Food allergies and sensitivities can occur at any time, and while we hope that early introduction as a baby will help prevent some of these, we still want to make sure you have all the information you need in case your child begins to show sign of a possible food allergy or sensitivity.
Before the Diagnosis
Do not diagnose a food allergy on your own. Self-diagnosis can lead to unnecessary dietary restrictions and inadequate nutrition, especially in children. An allergist will take a thorough medical history, asking questions about overall health and eating habits to determine if food allergy may be causing your child’s symptoms and to identify the culprit food(s). The allergist will also perform a physical exam. Keeping a food and symptom journal prior to your visit can be a helpful tool to assist the doctor in establishing your child’s medical history.
The allergist may decide that further testing is needed before a diagnosis can be made.
After the Diagnosis
There’s no approved treatment to prevent food allergy reactions, so allergy management requires strict avoidance of the problem food. Young children are messy eaters, and infants are eager to explore everything they encounter with their mouths, making staple foods like cow’s milk, cheese and yogurt especially hard to avoid.
Taking care of yourself
The constant vigilance needed to manage a young child’s food allergy takes a mental, emotional and even physical toll on parents. More than 90 percent of food allergy centers in the FARE Clinical Network report treating patients whose parents suffer from anxiety related to their child’s allergies. And compared to mothers whose young children do not have food allergies, mothers of food-allergic children under age 5 have higher blood pressures and report greater stress. If you’re a parent or caregiver who’s experiencing food allergy stress, it’s important to take care of yourself, too.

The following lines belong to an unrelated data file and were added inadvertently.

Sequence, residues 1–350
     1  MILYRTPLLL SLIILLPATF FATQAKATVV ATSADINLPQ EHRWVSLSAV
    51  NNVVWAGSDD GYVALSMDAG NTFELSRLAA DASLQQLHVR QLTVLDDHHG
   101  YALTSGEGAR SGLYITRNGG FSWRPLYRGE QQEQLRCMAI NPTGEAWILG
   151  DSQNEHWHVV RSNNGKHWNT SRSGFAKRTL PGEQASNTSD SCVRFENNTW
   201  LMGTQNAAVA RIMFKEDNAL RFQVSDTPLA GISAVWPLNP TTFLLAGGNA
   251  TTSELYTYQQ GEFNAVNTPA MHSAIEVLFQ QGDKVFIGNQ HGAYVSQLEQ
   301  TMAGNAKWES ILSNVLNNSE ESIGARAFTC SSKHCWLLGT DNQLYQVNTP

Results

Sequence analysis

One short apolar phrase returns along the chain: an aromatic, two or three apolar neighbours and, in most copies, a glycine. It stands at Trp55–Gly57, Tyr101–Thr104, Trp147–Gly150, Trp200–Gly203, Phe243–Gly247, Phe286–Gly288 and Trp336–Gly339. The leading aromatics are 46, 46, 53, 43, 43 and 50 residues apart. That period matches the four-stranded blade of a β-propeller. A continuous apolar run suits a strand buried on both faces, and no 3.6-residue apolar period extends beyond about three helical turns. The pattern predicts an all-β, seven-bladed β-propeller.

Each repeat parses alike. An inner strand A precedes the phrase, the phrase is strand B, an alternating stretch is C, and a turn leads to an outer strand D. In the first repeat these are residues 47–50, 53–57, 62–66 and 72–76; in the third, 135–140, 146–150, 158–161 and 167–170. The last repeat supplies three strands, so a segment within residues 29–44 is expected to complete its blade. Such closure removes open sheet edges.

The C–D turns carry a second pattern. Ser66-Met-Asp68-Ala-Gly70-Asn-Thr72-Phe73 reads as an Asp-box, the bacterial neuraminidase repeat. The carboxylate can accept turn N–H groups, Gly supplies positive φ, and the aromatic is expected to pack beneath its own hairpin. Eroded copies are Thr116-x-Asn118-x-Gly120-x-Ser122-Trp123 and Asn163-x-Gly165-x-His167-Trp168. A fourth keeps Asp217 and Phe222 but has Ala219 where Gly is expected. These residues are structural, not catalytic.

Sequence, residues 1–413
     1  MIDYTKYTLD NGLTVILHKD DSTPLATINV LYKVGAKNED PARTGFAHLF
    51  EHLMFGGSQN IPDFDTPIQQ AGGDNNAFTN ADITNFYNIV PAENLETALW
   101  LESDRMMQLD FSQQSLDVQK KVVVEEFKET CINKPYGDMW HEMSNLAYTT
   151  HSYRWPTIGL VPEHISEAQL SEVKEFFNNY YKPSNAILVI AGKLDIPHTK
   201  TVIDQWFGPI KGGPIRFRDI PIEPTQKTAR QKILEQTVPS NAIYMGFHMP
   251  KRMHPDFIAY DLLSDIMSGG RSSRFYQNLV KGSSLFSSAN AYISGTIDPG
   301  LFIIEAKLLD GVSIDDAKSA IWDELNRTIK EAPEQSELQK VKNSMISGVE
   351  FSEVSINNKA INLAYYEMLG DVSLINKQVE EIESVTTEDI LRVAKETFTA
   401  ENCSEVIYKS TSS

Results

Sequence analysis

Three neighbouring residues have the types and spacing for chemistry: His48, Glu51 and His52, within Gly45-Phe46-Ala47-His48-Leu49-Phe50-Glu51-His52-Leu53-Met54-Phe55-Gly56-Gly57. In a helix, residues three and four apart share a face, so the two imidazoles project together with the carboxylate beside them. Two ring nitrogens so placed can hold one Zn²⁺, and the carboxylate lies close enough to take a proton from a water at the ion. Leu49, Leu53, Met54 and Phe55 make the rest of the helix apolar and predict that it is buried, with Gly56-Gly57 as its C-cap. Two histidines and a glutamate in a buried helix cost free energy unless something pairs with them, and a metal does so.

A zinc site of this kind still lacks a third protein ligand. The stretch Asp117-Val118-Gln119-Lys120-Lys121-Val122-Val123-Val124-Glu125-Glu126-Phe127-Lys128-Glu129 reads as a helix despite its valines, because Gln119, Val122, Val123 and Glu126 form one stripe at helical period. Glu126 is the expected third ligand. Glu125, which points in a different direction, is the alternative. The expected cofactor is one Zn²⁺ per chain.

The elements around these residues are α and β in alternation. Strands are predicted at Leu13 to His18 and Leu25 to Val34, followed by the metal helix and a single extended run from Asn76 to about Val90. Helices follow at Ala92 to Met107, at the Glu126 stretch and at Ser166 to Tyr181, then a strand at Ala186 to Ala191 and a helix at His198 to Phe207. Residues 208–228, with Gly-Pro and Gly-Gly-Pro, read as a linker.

Infant Food Allergy Basics
How a Child Might Describe a Reaction
Children have unique ways of describing their experiences and perceptions, and allergic reactions are no exception. Precious time can be lost when adults do not immediately recognize that a reaction is happening or don’t understand what a child is telling them.
Know What to do in an Emergency Situation
Symptoms can range from mild to severe or even life-threatening and can occur alone or in combination. If you have any concerns about your baby’s response to a new food, seek medical attention or call 9-1-1 right away.
Food Allergy Diagnosis and Testing
Learn more here about methods of diagnosis currently in use, and why better tools are essential to improving the lives of individuals and families managing food allergy.
Food allergies should also be considered when your child has previously been diagnosed with one of the following disorders. Symptoms among these disorders are often similar or related, so it is important to work closely with your doctor for an accurate diagnosis.
Seek Resources and Support
A food allergy diagnosis is life-changing, both for the child and for the entire family. Connecting with others who are in the same situation and sharing experiences and support can be incredibly helpful. It also helps to know you are not alone.
Learn to Use the Epinephrine Auto-injector
If your child had a serious reaction, hopefully you received a prescription for an epinephrine auto-injector. If not, call your doctor’s office today so that you child can be evaluated, diagnosed and given a prescription. Have your doctor demonstrate how to use it. Then practice with the trainer.